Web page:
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Flowers of the Limestone Dales of the Derbyshire Peak District

The Peak District covers much of Derbyshire and parts of Staffordshire, Cheshire and Yorkshire. There are many interesting features, such as wild flowers, well dressing, lead mining etc

Flowers of the Limestone Dales

There are so many plants and flowers which flourish in the alkaline soil of the limestone dales and woodlands that it is hardly possible to list them all and a brief summary will have to suffice. The best places to see these plants are in the dales and woodland of Lathkill Dale, Ravensdale, Millers Dale, Monks Dale and both Deepdales. Lathkill Dale, Ravensdale, Biggin Dale and Monks Dale are all in the care of English Nature. There are other nature reserves also - Derbyshire Wildlife Trust at Priestcliffe and Millers Dale, for instance, and Staffordshire Wildlife Trust at Castern Wood in the Manifold Valley.

Wood Anemones
Wood Anemones
In spring the first flowers to break forth after the rigours of winter are usually the Wood Anemone, which will often form a carpet of white flowers in the woods during late March or early April. Along the riverbanks this usually flowers about the same time as Butterbur, which produces spikes covered in red flowers. However, Butterbur will later disfigure the riverbanks with its huge rhubarb-like leaves.

In May the sides of many limestone dales will show yellow patches of Cowslips, which occur across the area. These are usually the prelude to a burst of colour in the dales, with a many plants flowering in late May or early June. These include the Early Purple Orchids, which can form a carpet of purple flowers across the sides of dales like Lathkill Dale. Campion starts to appear in the dales about the same time and this plant will flower right through to early September.

Water Aven
Water Aven
At this time the woods often have a carpet of bluebells interspersed with clumps of Ramson or wild garlic, distinctive with its spiky white flowers on a tall stem, and its pungent smell. Plants which like wet places, such as Water Aven, may also be found, usually around the fringes of wooded areas. Rarer plants such as Lords and Ladies are sometimes to be found in woods or under shaded cliffs.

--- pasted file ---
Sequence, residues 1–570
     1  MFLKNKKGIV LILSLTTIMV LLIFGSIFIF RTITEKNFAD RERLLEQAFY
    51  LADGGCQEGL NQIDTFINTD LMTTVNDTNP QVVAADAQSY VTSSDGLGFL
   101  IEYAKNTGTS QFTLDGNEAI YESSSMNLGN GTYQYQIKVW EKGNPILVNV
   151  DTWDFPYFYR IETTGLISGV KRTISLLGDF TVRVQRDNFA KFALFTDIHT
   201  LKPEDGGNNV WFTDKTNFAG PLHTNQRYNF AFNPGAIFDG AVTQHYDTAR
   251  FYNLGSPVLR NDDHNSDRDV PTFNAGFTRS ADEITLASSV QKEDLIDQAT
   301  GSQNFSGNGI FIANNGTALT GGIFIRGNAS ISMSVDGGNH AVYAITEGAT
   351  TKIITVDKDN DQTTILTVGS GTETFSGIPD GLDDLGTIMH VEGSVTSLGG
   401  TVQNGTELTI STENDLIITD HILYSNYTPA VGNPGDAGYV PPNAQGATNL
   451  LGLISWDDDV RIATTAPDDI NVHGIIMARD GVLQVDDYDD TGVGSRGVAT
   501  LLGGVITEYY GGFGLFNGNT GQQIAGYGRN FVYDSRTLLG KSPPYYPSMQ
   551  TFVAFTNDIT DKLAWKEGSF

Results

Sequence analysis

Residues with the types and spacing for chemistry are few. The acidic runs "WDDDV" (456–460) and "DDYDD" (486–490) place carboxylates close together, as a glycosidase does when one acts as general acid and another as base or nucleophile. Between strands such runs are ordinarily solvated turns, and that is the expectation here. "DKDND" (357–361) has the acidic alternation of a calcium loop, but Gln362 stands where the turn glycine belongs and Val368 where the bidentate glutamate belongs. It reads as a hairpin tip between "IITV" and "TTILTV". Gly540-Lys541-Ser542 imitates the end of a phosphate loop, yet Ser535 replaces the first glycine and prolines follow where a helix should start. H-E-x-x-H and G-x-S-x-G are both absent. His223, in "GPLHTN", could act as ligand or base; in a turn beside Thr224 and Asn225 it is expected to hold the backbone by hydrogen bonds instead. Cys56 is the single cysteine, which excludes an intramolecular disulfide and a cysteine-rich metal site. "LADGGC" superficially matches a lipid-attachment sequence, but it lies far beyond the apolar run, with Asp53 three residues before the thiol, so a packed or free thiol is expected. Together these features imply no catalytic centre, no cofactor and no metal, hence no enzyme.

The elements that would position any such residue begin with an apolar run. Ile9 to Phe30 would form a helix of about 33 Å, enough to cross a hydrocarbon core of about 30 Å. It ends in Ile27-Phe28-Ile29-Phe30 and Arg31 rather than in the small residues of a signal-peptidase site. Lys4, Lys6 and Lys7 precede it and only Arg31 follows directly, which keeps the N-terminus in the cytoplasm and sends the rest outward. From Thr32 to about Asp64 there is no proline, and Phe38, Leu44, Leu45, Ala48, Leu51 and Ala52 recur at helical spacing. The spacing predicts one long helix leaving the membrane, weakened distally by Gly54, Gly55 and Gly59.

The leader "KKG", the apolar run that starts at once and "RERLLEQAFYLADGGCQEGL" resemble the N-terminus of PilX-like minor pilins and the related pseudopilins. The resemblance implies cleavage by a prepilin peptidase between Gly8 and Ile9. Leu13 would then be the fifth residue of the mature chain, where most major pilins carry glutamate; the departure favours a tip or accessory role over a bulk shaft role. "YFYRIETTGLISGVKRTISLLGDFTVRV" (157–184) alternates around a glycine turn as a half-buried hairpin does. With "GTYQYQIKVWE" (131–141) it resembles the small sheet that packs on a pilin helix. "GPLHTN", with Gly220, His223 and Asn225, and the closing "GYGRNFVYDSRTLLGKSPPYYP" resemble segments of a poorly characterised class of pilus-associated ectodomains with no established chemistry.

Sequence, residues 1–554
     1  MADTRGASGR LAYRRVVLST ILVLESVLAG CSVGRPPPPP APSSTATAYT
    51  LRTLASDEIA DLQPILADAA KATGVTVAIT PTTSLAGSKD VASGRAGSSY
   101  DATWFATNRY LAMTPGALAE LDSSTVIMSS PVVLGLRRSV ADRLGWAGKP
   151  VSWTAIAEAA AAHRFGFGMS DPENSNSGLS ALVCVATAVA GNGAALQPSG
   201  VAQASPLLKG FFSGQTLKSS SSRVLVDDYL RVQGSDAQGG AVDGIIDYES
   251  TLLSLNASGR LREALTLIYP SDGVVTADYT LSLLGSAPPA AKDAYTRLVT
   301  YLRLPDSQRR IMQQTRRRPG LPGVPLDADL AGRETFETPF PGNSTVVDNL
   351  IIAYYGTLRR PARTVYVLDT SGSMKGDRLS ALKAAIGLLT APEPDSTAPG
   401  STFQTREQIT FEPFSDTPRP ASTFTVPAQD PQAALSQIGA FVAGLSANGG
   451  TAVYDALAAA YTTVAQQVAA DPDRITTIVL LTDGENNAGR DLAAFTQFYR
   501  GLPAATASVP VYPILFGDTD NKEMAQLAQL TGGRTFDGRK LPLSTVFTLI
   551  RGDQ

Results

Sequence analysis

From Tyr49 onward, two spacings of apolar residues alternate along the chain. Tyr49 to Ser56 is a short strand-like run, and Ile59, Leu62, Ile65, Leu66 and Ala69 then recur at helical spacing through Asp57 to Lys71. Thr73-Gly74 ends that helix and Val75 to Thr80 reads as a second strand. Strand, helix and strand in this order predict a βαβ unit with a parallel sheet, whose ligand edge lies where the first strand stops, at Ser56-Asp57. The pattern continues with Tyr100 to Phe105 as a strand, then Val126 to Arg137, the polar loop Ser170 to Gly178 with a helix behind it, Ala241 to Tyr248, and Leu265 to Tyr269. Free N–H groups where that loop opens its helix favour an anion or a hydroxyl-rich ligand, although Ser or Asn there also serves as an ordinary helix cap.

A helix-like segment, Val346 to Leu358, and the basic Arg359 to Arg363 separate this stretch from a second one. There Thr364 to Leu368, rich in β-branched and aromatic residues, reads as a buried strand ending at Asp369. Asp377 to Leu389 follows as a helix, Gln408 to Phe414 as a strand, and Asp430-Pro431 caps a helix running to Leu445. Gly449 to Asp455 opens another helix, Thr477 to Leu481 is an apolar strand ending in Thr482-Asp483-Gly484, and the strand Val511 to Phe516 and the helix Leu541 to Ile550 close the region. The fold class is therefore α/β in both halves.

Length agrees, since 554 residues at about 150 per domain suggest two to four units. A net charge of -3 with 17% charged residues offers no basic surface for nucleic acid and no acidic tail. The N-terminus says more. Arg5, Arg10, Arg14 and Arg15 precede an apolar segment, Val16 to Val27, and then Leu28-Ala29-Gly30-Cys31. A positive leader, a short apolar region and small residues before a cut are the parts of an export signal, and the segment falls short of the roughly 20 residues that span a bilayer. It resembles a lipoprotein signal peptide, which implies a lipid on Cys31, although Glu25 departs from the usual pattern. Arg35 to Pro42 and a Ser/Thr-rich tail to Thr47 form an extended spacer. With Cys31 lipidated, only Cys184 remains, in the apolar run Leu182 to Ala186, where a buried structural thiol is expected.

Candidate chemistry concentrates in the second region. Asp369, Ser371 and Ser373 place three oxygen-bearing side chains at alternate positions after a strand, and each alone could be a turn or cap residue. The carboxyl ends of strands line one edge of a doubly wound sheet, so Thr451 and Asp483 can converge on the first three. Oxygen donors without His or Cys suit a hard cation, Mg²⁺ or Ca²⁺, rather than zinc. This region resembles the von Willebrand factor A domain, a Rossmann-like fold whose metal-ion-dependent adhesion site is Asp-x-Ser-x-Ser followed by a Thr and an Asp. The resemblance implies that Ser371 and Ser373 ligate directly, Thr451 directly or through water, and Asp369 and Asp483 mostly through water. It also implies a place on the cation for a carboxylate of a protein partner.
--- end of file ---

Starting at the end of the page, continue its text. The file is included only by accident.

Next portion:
In the meadows the flowers of meadow saxifrage, ladies smock and stitchwort start to appear, while on the old lead waste tips spring sandwort (know locally as leadwort) can provide a carpet of tiny white flowers. This plant is unusual in that it can tolerate the high levels of lead in the former tips.

Common Spotted Orchid
Common Spotted Orchid
A little later, usually early July, Common Spotted Orchids are to be found in many of the dales, and other rarer orchids such as the Frog Orchid and Burnt Orchid appear in the grassland. Rare plants such as Jacobs Ladder come out into flower.

In July and August the grassy sides of the dales and the roadside verges burst into flower. Cranesbill (both the blue 'Meadow Cranesbill' species and the red, or 'Bloody Cranesbill' species), Harebells and Scabious appear in profusion, making the verges a mass of blue. Marjoram and numerous varieties of Thistle also thrive. However, not everything is colourful and pleasant - one plant which thrives on these soils is the common nettle, and this is prolific in all the limestone areas.

By early September the season is effectively over, with just the Harebells, Scabious and Cranesbill surviving a little longer before the autumn sets in and the cycle starts all over again.

More information about the National Nature Reserves and conservation in the Peak can be obtained from English Nature. The address is:

The Site Manager, English Nature, Over Haddon, Bakewell, DE45 1JE.

Telephone: 01629 815095.

Campion flowers
0 - Campion flowers
1 - Cowslips
Common spotted orchid
2 - Common spotted orchid
Early purple orchid
3 - Early purple orchid
Early purple orchids
4 - Early purple orchids
5 - Harebells.jpg
6 - Leadwort
Lords and Ladies
7 - Lords and Ladies
Lords and Ladies fruit
8 - Lords and Ladies fruit
Marjoram flowers
9 - Marjoram flowers
Meadow Saxifrage
10 - Meadow Saxifrage
Ramson (wild garlic)
11 - Ramson (wild garlic)
Pyramid orchid
12 - Pyramid orchid
Red (bloody) Cranesbill
13 - Red (bloody) Cranesbill
Blue (Meadow) Cranesbill
14 - Blue (Meadow) Cranesbill
Scabious flowers
15 - Scabious flowers
Stitchwort flowers
16 - Stitchwort flowers
Water Aven flower
17 - Water Aven flower
Wild pansies (Viola)
18 - Wild pansies (Viola)
Wood Anemones
19 - Wood Anemones
Litton - Tansley Dale flowers
20 - Litton - Tansley Dale flowers